Friday, April 8, 2011

A Tale of Two Barbecues

Last week, a friend and I stopped at Dickey’s Barbecue for lunch.  Now Dickey’s is a chain based out of Dallas, but it’s been around a while so I decided to give it a try. 
I ordered the pulled pork plate.  I will have to admit that I was pleasantly surprised.  Now this wasn’t the best pulled pork that I have ever eaten, but it wasn’t bad considering that this chain tries to cover all of their bases and serves both beef and pork. 
The pork shoulder had been smoked and had a nice pink smoke ring.  My biggest complaint is that they took a chunk of shoulder that had been soaking in broth and pulled it right before they put it on the plate.  I prefer pulled pork that has a nice smoky, chewy crust outside and a tender moist inside all mixed together.
I topped it off with the sweet barbecue sauce.  It was tomato-based and well proportioned.  I do prefer a little more of a sour bite to balance the sweetness, but it was pretty good. 
Final verdict for Dickey’s:   Not bad for a chain, but not quite my favorite.
Earlier this week I was in Kansas City for some business meetings.  One night we went to dinner at Fiorella’s Jack Stack Barbecue. 
Now this is not your typical barbecue place.  This was definitely upscale, both in d├ęcor and menu.  The  barbecue prices were a bit higher, but given the setting, this was to be expected.
I ordered the barbecue special for the evening: the three meat combo.  I ordered brisket, sausage, and ham.  It came with two sides, as usual with this sort of place.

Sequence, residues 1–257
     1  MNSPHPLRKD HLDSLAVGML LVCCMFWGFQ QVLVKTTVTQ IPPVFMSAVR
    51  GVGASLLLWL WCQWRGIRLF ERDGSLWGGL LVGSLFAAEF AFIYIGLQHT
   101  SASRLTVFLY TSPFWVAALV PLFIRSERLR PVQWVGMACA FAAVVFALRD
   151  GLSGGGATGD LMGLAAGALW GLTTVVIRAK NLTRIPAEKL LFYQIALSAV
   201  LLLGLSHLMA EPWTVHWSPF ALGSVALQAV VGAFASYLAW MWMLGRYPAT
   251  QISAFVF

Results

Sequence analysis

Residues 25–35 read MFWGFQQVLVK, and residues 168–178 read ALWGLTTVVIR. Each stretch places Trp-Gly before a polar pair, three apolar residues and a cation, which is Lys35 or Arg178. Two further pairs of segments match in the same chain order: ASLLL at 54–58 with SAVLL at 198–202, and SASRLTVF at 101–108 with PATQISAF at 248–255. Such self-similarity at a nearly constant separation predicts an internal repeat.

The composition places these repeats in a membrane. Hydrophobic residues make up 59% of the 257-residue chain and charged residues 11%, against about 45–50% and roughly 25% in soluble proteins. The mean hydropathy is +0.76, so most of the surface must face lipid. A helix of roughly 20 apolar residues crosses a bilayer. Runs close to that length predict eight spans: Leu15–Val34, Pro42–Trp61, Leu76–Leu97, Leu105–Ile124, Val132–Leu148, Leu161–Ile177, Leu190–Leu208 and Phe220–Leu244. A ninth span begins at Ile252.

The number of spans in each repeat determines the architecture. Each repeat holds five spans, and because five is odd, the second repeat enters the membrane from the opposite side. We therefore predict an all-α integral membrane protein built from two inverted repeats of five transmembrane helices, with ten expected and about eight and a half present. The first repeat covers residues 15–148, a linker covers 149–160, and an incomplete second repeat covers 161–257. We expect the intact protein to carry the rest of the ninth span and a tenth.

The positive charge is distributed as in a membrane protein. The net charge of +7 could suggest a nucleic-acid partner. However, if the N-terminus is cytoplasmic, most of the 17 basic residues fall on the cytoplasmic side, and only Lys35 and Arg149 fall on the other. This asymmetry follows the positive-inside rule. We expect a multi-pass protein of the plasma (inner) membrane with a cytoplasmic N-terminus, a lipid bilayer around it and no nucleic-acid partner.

I was disappointed.  The brisket was too fatty, the sausage did not have much flavor, and the ham was not up to par.  I had really looked forward to the brisket, but the fatty nature of the meat detracted greatly.  The sausage seemed to be a standard grocery store variety, and the ham didn’t seem to be much more than an accumulation of lunch meat.
Now I realize that this is a fairly scathing review.  I had eaten here before and it had been much better.  If you go to Kansas City, skip the upscale places and head to Oklahoma Joe’s or to the epicenter of Kansas City barbecue, Arthur Bryant’s.
Final verdict for Jack Stack:  Skip it and head to Arthur Bryant's.

Friday, April 1, 2011


I tagged along with my wife last Saturday night at a beer and wine tasting in Edwardsville.  My wife went to taste wine and I went to taste beer.

At the tasting, they had one of my old favorites, La Fin du Monde from Quebec.  In English, this translate to "the end of the world" and I suspect that if you drank a couple of these large bottles, it might be the end.  La Fin du Monde is a high gravity beer.  To make this beer, it goes through three fermentations.  The last fermentation is done using champagne yeast which is one of the few yeasts viable at a very high alcohol content.  Despite the high gravity, this is a light and fruity beverage.  It is crisp for a high gravity ale, and is a great after dinner dessert beer.

One of the most interesting beers I tasted was another high gravity beer made by a company called "He'Brew".  This beer was aged in rye whiskey barrels.  It was quite strong (~10% ABV), but tasted even stronger due to the rye whiskey taste.  Think of an IPA with a shot of rye.  If you're a rye whiskey drinker who might want to moderate the amount of alcohol you imbibe, this might be a good substitute.